Homework: On a piece of paper or in a Word document, take 10 minutes to brainstorm all the things you can control, then take 10 minutes to brainstorm the things you can’t control.

Accept That Her Distance Is Her Choice

     Even if you live in a different country, it is not chance that your wife isn’t talking to you. Even though it might seem obvious, if you’re in this situation you must remind yourself that your wife’s cold shoulder is not a chance – it is a choice. 

Her choice to be distant is likely a defense mechanism that prevents emotional pain or frustration for her

     Accept that it is your wife’s CHOICE not to communicate with you. Even if you are exchanging kids back and forth, she may refuse to interact with you during those exchanges.

     She is CHOOSING not to see you. She is CHOOSING not to talk to you.

     If your wife is determined to truly refuse all contact with you for the rest of her life, then there's nothing you can do about that. If she never lets herself see you again, if she ignores your emails and texts and blocks you from as many modes of communication as possible, then that's her choice and there's very little you can do to change it.

Why is she choosing to distance herself?

     Could be a variety of reasons:

  • It’s easier or less painful to ignore you than to talk to you.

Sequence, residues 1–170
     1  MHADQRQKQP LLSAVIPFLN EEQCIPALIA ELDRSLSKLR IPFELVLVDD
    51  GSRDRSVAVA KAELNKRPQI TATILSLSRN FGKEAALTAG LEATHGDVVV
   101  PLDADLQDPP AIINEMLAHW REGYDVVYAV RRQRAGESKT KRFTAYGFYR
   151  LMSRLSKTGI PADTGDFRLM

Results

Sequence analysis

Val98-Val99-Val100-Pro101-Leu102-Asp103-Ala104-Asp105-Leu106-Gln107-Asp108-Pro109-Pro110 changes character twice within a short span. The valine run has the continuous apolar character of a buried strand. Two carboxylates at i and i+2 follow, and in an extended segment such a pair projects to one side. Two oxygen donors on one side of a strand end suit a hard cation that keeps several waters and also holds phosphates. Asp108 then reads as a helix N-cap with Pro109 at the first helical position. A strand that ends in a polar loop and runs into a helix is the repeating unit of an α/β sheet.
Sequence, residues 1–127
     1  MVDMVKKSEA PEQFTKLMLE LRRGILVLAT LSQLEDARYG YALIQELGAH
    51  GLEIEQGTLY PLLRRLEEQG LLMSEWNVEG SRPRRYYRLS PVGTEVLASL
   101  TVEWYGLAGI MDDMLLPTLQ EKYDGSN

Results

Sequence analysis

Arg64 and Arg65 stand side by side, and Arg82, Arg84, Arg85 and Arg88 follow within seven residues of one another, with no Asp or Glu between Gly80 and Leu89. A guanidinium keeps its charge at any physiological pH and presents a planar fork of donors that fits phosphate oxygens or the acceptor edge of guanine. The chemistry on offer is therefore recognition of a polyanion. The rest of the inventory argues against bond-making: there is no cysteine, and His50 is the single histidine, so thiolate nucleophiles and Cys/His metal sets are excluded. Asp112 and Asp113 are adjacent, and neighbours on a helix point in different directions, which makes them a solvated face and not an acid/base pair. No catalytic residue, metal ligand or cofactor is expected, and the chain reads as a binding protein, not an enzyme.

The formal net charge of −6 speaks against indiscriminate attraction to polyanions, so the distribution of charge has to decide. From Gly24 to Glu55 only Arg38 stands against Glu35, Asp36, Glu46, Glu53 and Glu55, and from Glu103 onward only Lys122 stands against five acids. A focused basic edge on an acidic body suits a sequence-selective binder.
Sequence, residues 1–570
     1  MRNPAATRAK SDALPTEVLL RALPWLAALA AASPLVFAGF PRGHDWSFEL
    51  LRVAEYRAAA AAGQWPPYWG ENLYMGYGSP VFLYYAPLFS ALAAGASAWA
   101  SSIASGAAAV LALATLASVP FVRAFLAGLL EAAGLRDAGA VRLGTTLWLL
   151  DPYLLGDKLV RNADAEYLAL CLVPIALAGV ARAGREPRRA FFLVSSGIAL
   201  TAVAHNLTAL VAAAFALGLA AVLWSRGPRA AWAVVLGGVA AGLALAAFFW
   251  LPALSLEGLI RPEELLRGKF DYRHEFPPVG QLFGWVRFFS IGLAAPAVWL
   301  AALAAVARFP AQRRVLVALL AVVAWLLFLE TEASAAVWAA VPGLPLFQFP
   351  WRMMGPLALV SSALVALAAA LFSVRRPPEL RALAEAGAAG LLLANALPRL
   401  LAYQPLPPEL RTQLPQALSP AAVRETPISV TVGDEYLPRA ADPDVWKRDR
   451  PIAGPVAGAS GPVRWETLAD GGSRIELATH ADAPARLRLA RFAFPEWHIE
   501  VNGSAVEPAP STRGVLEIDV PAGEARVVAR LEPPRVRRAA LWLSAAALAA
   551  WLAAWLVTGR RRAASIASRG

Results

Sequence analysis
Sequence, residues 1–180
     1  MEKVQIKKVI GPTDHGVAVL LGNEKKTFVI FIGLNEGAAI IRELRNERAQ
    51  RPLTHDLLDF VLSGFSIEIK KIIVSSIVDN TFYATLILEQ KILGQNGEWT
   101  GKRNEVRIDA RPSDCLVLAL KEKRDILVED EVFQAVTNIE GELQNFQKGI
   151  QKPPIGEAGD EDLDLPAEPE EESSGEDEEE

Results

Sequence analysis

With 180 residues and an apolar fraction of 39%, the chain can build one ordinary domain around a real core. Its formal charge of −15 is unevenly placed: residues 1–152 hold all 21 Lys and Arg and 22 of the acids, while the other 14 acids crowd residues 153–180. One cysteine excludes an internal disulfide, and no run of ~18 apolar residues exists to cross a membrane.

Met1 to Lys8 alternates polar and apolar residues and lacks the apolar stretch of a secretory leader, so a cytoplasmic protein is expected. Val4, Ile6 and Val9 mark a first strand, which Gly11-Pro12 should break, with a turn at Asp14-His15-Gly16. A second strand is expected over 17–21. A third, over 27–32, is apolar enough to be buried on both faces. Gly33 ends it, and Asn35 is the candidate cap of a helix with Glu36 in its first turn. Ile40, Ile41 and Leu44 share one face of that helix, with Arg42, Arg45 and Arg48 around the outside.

• She is determined not to let you change her mind about the marriage.
  • She doesn’t want to be pressured into coming back.
  • She’s trying to prove she’s gone for good and force you to move on with your life.

    Long story short, her choice to remove you from her life is likely a defense mechanism that she is using to prevent some kind of emotional pain.

     Here's the thing: there's no way you can remove this defense mechanism until SHE is ready to let it down. And until it's down, everything you do or say to her is going to be filtered through this defense mechanism… Even if you could communicate freely with her, this emotional wall would be there all the same.

     With all of that being said, the reason behind her choice not to communicate doesn’t matter that much. What matters is how you react to it.

Set the Right Goals

Right Now, Your Goal is NOT "Saving the Marriage"

     Accepting her choice for minimal contact means that you must set a different goal.

     Your goal right now is not to save your marriage, or even to convince your wife that you’ve changed...

Instead of making every day & every week all about when you will get to *MAYBE* talk to your wife, start investing time in yourself

     ... Your goal is to give her an incentive to WANT to spend time with you in the first place, and to meanwhile make peace with the waiting.

     In other words, you have to give her a reason to make a different CHOICE than she’s making right now.

     No matter where you’re at in your separation, the end goal is the same… She must CHOOSE to give the marriage another chance to make her happy. It’s so, so important to remember that her CHOICE is what you’re trying to change, not your marriage.